Can JUUL use and vaping cause cavities and gum disease? Dentists are finding this to be true.
Dentists are finding that people who JUUL or use other vaping devices are ingesting chemicals and chemical by-products that may be seriously damaging their teeth and gums.
Dr. Scott Froum, a periodontist and clinical associate professor in the department of periodontics at SUNY Stony Brook School of Dental Medicine, noticed troubling changes in a couple of patients who had taken up vaping. He published his findings in the Perio-Implant Advisory under the title, Vaping and oral health: It’s worse than you think.
In one case, the patient – a young man who quit smoking conventional tobacco products and started vaping, would often consume energy drinks to combat the dry mouth that vaping caused. Dr. Froum said that the combination “led to rampant decay with smooth-surface lesions and future tooth loss.” Dr. Froum said this patient had been vaping for five years.
Another older patient who started vaping after years of smoking cigarettes because he thought it would be a healthier alternative, had gone 35 years without cavities. But within his first year of vaping, the enamel on his teeth softened and eroded, making them vulnerable to future tooth decay and loss.
The second case prompted Dr. Froum to look into the existing research on the impact of vaping on oral health. But because vaping is a fairly new rage, gaining traction and momentum with the introduction of JUUL in 2015, many dots were left to be connected.
Other publications picked up Dr. Froum’s report, triggering a flood of responses from other dentists.
“We began seeing [the tooth decay], but didn’t realize what it was from,” Froum told CNET in an interview. “We had been noticing it in teens that weren’t at risk and then attributing it to other things like Monster Energy-type drinks. We never realized that vaping could also be a cause.”
Dentists and other dental medicine professionals are only now just starting to understand the damaging effects of propylene glycol, vegetable glycerin, and vaporized nicotine on teeth and gums.
A form of alcohol, propylene glycol, can have a drying effect on the mouth, which is conducive to tooth decay. The chemical is used in JUUL cartridges and other e-juice brands because it emulsifies well with other vaping ingredients. It also breaks down into acetic acid, lactic acid, and propionaldehyde, all of which are known to soften tooth enamel and soft tissue.
Previous research also shows that the combination of vegetable glycerin and flavorings in vaping products creates a breeding ground for bacteria in the mouth. Teeth exposed to e-juice glycerin and flavorings had four times more bacteria than teeth that hadn’t been exposed.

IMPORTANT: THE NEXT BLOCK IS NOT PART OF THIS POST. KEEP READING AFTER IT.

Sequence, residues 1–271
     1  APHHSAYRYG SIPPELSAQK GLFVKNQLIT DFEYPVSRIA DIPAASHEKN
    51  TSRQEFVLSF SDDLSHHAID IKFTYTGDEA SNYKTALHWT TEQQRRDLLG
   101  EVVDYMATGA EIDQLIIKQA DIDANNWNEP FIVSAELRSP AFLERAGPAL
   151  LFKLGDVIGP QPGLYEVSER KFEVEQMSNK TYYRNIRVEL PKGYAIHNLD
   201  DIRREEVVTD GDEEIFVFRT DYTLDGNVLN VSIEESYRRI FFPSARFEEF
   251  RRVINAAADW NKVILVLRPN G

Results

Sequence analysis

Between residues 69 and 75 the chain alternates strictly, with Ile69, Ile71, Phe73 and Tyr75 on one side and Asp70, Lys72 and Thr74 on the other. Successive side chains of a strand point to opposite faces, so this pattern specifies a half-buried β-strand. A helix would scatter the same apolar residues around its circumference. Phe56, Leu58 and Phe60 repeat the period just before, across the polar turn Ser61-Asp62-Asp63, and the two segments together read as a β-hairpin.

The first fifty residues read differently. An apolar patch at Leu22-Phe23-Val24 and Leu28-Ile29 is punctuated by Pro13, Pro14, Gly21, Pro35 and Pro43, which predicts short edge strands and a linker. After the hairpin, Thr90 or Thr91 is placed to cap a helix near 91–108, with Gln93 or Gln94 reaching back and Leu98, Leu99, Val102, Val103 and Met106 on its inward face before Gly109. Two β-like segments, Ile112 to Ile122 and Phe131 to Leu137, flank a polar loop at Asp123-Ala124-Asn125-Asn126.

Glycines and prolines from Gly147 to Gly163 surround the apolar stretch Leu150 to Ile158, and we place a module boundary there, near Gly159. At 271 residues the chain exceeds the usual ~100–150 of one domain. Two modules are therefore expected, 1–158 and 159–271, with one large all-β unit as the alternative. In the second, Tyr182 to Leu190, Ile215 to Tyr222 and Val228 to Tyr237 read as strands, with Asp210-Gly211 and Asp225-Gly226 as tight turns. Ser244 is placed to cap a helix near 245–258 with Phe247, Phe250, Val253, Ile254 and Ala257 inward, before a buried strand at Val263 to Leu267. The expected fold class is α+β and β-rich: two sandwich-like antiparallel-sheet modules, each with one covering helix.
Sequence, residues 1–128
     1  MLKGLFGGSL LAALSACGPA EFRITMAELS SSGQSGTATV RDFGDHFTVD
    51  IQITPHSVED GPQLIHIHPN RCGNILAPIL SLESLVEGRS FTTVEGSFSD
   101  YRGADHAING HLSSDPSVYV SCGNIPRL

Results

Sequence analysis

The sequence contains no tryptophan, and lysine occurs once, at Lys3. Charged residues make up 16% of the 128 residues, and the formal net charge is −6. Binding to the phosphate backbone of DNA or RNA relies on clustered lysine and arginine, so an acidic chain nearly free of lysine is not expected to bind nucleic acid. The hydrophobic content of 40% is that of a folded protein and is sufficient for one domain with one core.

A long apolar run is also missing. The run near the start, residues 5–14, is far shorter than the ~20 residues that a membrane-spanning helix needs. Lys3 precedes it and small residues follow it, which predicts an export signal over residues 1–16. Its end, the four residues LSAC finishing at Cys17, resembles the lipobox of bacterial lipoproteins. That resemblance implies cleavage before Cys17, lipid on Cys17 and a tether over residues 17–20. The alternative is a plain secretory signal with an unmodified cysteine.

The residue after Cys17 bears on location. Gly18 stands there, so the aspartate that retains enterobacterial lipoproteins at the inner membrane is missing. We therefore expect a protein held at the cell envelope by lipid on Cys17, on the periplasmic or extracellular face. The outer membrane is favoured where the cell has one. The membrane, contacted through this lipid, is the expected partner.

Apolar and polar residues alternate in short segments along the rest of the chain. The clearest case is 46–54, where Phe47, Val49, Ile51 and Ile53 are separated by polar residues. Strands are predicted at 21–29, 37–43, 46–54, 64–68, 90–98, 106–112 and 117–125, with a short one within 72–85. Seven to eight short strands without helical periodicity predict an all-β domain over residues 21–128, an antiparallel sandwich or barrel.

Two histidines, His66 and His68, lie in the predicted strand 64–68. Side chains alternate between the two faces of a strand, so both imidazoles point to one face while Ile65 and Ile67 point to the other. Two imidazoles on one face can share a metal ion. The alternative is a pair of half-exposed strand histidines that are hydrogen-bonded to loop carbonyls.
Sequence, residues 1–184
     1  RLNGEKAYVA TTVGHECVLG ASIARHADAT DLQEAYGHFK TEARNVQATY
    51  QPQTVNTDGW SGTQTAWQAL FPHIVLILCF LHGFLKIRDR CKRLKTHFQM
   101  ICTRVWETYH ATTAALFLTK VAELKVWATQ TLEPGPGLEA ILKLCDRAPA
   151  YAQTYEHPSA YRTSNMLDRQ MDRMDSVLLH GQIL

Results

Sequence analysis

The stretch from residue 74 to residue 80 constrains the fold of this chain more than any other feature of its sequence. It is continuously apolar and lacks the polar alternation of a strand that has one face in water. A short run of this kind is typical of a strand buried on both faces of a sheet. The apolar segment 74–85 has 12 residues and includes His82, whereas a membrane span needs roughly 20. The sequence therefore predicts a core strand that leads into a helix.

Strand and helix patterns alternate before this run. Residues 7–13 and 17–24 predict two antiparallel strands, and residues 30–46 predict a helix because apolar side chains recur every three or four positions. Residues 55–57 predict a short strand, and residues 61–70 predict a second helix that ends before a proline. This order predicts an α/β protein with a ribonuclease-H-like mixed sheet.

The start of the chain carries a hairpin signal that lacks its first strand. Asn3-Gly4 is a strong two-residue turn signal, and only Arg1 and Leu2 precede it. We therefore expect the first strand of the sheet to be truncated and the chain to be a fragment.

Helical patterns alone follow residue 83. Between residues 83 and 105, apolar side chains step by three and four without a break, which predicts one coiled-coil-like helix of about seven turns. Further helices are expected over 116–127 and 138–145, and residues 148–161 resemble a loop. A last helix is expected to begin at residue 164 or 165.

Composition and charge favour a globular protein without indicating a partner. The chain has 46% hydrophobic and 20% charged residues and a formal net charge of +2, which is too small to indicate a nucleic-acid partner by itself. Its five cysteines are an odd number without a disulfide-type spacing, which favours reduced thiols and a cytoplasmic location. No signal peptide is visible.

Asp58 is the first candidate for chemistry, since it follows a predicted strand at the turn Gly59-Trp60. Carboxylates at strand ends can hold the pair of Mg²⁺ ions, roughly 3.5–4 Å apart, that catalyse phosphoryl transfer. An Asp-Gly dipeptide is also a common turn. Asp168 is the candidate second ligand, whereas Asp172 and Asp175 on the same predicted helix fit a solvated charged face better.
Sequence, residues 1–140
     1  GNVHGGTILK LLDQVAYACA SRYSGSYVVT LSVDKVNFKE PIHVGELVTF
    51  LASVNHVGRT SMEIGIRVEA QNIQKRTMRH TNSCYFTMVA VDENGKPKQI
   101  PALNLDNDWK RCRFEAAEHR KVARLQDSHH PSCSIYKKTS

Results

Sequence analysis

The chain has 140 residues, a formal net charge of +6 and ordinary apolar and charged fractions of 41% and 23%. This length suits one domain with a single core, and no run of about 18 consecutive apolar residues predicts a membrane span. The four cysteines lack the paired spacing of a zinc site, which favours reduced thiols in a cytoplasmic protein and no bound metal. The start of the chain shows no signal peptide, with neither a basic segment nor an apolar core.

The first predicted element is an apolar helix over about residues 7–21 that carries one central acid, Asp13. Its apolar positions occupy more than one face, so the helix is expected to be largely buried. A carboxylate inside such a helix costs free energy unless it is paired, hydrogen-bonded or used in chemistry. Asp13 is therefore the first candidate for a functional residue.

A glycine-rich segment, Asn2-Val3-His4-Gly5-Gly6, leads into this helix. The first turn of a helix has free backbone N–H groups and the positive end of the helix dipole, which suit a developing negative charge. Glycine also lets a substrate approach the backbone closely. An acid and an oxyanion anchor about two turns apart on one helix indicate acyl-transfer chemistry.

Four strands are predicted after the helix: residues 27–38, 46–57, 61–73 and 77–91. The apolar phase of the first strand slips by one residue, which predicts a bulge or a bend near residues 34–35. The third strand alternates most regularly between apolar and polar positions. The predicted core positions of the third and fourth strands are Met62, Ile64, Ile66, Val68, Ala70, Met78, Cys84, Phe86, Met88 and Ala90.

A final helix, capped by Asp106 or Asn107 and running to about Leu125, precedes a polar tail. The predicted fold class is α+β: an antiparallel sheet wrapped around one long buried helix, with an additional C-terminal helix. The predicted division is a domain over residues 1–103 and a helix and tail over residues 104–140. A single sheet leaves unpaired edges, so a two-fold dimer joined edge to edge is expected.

The U.S. Food and Drug Administration (FDA) recognizes propylene glycol and vegetable glycerin as generally safe for human health, but the chemicals can potentially break down into carcinogenic substances such as formaldehyde, lead, nickel, mercury, and other heavy metals.
Dr. Froum told CNET that vaping has been heralded as a safer alternative to smoking, even though little is known about how the chemical ingredients in a JUUL and similar products break down and behave and distribute when vaporized. He said U.S. regulators deemed vaping as the lesser of two evils and let it “go by unchecked and not researched.”
Even flavorings such as diacetyl, an artificial flavoring known for its butter-like quality, may travel farther into the body’s cells and tissue when vaporized, as it did to workers who inhaled the substance in popcorn factories where it is widely used. Many of those workers suffered a serious lung disease called bronchiolitis obliterans, or “popcorn lung.”
Thanks to decades of research on the health effects of conventional cigarettes, nicotine’s effects on oral health are much better understood. Decreased blood flow and cellular turnover caused by nicotine drastically increase the risk of gum disease and tooth loss.
This is especially bad news for JUUL users and others who vape products with a high nicotine content. JUUL debuted in 2015 with cartridges containing 5% nicotine, astonishingly higher than the industry norm at the time, between 1% and 2.4%. One JUUL cartridge has as much nicotine as a pack of cigarettes.
More research clearly needs to be done to track and document the effects of vaping on oral health, but the emerging evidence indicates vaping could be potentially more damaging to oral health than conventional tobacco cigarettes.
Beasley Allen JUUL lawyers Joseph VanZandt and Sydney Everett are handling cases involving injuries related to vaping. We are looking at cases involving adolescent addiction and injuries including seizures, strokes, lung problems, and cardiovascular problems related to the use of JUUL vaping devices. If you have these types of cases, we would like to work with you.